Over time, however, scientific opposition to Gaia waned. In his early writing, Lovelock occasionally granted Gaia too much agency, which encouraged the misperception that the living Earth was yearning for some optimal state. But the essence of his hypothesis — the idea that life transforms and in many cases regulates the planet — proved prescient and profoundly true. We and all living creatures are not just inhabitants of Earth, we are Earth — an outgrowth of its physical structure and an engine of its global cycles. Although some scientists still recoil at the mention of Gaia, these truths have become part of mainstream science.
“It’s definitely time to revisit Gaia,” said Adam Frank, an astrophysicist at the University of Rochester. Some scientists even agree that the planet is in a very meaningful sense alive. “Life is not something that happened on Earth, but something that happened to Earth,” said David Grinspoon, an astrobiologist at the Planetary Science Institute. “There is this feedback between the living and nonliving parts of the planet that make the planet very different from what it would otherwise be.”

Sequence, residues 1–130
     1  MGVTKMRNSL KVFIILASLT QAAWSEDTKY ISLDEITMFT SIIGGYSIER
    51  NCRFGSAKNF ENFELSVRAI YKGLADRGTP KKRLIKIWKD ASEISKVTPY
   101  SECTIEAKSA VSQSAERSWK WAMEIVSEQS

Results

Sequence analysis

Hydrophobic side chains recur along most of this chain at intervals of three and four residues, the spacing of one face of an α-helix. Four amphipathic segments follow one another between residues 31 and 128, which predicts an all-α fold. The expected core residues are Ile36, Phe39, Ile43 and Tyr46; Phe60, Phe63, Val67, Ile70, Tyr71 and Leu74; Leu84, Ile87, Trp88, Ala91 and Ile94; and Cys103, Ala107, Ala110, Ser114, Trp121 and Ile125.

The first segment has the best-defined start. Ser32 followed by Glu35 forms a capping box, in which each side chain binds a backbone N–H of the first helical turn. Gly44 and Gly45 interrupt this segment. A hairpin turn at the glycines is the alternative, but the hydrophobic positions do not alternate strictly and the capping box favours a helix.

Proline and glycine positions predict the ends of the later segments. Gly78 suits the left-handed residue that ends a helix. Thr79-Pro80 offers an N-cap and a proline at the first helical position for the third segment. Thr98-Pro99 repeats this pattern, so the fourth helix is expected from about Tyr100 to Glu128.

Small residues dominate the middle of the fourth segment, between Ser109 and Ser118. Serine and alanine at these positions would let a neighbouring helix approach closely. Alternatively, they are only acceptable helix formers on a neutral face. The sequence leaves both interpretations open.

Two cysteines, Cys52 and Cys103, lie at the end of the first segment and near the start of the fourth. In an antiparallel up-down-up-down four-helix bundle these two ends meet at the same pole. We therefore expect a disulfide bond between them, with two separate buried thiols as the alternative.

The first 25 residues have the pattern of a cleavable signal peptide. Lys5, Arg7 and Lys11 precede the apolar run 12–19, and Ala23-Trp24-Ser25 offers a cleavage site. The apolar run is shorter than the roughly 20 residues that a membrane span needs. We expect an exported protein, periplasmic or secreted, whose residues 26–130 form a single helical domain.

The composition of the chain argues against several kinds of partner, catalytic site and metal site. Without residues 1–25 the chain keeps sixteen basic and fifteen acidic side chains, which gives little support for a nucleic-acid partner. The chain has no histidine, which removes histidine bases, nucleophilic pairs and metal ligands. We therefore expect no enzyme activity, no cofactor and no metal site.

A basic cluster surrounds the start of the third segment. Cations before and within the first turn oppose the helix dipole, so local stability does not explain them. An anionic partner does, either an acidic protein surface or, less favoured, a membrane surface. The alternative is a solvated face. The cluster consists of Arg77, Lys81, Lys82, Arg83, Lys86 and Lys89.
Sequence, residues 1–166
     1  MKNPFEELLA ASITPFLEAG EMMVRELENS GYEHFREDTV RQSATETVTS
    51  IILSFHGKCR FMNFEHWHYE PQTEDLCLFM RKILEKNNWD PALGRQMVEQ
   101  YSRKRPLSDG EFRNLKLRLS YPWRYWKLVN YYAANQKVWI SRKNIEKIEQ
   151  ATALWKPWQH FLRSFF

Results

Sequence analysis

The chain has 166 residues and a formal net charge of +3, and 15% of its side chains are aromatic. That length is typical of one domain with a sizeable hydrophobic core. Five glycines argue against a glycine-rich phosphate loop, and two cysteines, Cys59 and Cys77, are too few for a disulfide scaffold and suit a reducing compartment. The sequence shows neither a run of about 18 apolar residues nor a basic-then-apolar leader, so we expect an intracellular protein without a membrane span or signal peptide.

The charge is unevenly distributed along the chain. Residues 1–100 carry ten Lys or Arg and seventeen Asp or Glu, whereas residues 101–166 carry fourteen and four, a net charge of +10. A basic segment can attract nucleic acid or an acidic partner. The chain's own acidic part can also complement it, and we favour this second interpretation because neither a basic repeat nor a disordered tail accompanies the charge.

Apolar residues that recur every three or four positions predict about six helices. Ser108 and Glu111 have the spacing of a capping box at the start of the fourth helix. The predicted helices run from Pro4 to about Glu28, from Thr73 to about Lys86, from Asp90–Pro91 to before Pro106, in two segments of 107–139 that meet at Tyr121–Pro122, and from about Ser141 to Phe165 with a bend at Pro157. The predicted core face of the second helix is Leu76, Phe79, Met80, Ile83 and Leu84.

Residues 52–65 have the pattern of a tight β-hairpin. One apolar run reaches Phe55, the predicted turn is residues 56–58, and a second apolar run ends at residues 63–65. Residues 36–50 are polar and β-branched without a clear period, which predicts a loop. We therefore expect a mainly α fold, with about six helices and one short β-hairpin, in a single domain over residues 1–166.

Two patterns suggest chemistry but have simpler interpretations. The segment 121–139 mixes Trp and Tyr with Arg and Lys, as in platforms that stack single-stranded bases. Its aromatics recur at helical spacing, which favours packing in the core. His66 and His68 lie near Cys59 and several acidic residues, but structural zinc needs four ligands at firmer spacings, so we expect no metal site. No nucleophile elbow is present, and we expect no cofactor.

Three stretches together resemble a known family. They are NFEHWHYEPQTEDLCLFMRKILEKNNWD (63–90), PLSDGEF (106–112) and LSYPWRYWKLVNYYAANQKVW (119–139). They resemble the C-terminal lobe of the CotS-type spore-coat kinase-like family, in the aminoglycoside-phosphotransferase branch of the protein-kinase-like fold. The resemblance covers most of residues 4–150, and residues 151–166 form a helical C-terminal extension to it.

As Margulis wrote, “Earth, in the biological sense, has a body sustained by complex physiological processes. Life is a planetary-level phenomenon and Earth’s surface has been alive for at least 3,000 million years.”